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Ear anatomy
Ear anatomy


Medical findings based on ear anatomy
Medical findings based on ear anatomy


Eardrum repair - series
Eardrum repair - series


Ear surgery - series
Ear surgery - series


Cosmetic ear surgery

Definition:

Cosmetic ear surgery is a procedure to move very large or prominent ears closer to the head.



Alternative Names:

Otoplasty; Ear pinning; Ear surgery - cosmetic



Description:

Cosmetic ear surgery may be done in the surgeon's office, an outpatient clinic, or a hospital. It can be performed under local anesthesia, which numbs the area around the ears. Or, it can be done under general anesthesia , in which you are asleep and pain-free. The procedure usually lasts about 2 hours.

During the most common method of cosmetic ear surgery, a surgeon makes a cut in the back of the ear and removes the skin to see the ear cartilage. The cartilage is folded to reshape the ear, bringing it closer to the head. Sometimes the surgeon will cut the cartilage before folding it. Sometimes skin is removed from behind the ear. Stitches are used to close the wound.



Why the Procedure Is Performed:

The procedure can be done after a child reaches age 5 or 6, when ear growth is almost finished. However, if the ears are very disfigured (lop ears), the child should have surgery early to avoid possible emotional stress at school.



Risks:

Complications such as blood clots and infection are uncommon.

Other risks of the procedure include:

  • Areas of numbness
  • Increased feeling of cold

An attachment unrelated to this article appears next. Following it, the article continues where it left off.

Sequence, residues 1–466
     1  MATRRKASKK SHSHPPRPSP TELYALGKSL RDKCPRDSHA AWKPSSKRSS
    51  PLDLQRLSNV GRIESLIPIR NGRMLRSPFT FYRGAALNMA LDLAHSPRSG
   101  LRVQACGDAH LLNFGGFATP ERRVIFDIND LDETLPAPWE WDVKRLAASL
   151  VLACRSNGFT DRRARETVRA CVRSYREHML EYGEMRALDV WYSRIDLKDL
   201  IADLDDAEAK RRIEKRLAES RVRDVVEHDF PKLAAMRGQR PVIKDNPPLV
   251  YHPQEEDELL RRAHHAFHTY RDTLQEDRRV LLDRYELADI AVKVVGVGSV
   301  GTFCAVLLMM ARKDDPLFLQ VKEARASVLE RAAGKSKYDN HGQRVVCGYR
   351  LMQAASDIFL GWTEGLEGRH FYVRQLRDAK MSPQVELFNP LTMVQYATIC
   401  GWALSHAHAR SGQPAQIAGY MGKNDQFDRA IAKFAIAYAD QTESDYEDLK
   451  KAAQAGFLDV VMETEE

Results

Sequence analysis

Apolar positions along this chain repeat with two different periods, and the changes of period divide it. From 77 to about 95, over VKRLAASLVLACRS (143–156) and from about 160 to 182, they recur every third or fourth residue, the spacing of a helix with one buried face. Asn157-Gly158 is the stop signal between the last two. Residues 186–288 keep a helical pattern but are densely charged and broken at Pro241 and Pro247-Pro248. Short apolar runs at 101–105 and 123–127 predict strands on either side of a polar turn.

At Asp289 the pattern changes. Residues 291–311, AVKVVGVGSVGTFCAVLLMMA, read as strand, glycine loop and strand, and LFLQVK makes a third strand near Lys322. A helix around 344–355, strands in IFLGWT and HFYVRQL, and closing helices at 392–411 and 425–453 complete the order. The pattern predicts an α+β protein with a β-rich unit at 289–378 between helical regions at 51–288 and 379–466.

• Recurrence of the ear deformity
  • Keloids and other scars
  • Poor results


After the Procedure:

The ears are covered with a thick bandage after surgery. Any tenderness and discomfort can be controlled with medication. If the surgery is done in a hospital, the child should go home the same day or the next day.

The ear bandages are removed after 2 - 4 days. However, the child will need to wear a light head wrap or headband for 2 - 3 weeks to help the area heal. The child can return to school and normal activities when the ears heal.



Outlook (Prognosis):

Scars are very light and are hidden in the creases behind the ears.

The child might need a second procedure if the ear sticks out again.



References:

Adamson PA, Doud Galli SK, Chen T. Otoplasty. In: Cummings CS, Flint PW, Haughey BH, et al, eds. Otolaryngology: Head & Neck Surgery. 5th ed. Philadelphia, Pa: Mosby Elsevier; 2010:chap 33.




Review Date: 10/22/2013
Reviewed By: David A. Lickstein, MD, FACS, Specializing in Cosmetic and Reconstructive Plastic Surgery, Palm Beach Gardens, FL. Review provided by VeriMed Healthcare Network. Also reviewed by David Zieve, MD, MHA, Isla Ogilvie, PhD, and the A.D.A.M. Editorial team.

The information provided herein should not be used during any medical emergency or for the diagnosis or treatment of any medical condition. A licensed medical professional should be consulted for diagnosis and treatment of any and all medical conditions. Call 911 for all medical emergencies. Links to other sites are provided for information only -- they do not constitute endorsements of those other sites. © 1997- A.D.A.M., Inc. Any duplication or distribution of the information contained herein is strictly prohibited.
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